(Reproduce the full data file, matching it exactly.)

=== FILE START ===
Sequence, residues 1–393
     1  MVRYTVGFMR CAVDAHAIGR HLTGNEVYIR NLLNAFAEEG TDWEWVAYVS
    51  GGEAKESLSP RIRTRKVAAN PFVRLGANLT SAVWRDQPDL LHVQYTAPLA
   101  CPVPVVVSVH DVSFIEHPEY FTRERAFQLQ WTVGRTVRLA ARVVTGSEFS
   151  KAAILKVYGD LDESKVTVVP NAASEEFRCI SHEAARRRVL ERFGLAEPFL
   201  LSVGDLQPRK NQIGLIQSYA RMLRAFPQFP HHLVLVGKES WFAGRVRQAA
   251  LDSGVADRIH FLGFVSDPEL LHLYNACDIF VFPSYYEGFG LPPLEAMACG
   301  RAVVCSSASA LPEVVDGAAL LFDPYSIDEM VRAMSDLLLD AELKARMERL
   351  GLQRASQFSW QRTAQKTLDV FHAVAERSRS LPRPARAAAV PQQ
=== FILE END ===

Sequence, residues 1–393
     1  MVRYTVGFMR CAVDAHAIGR HLTGNEVYIR NLLNAFAEEG TDWEWVAYVS
    51  GGEAKESLSP RIRTRKVAAN PFVRLGANLT SAVWRDQPDL LHVQYTAPLA
   101  CPVPVVVSVH DVSFIEHPEY FTRERAFQLQ WTVGRTVRLA ARVVTGSEFS
   151  KAAILKVYGD LDESKVTVVP NAASEEFRCI SHEAARRRVL ERFGLAEPFL
   201  LSVGDLQPRK NQIGLIQSYA RMLRAFPQFP HHLVLVGKES WFAGRVRQAA
   251  LDSGVADRIH FLGFVSDPEL LHLYNACDIF VFPSYYEGFG LPPLEAMACG
   301  RAVVCSSASA LPEVVDGAAL LFDPYSIDEM VRAMSDLLLD AELKARMERL
   351  GLQRASQFSW QRTAQKTLDV FHAVAERSRS LPRPARAAAV PQQ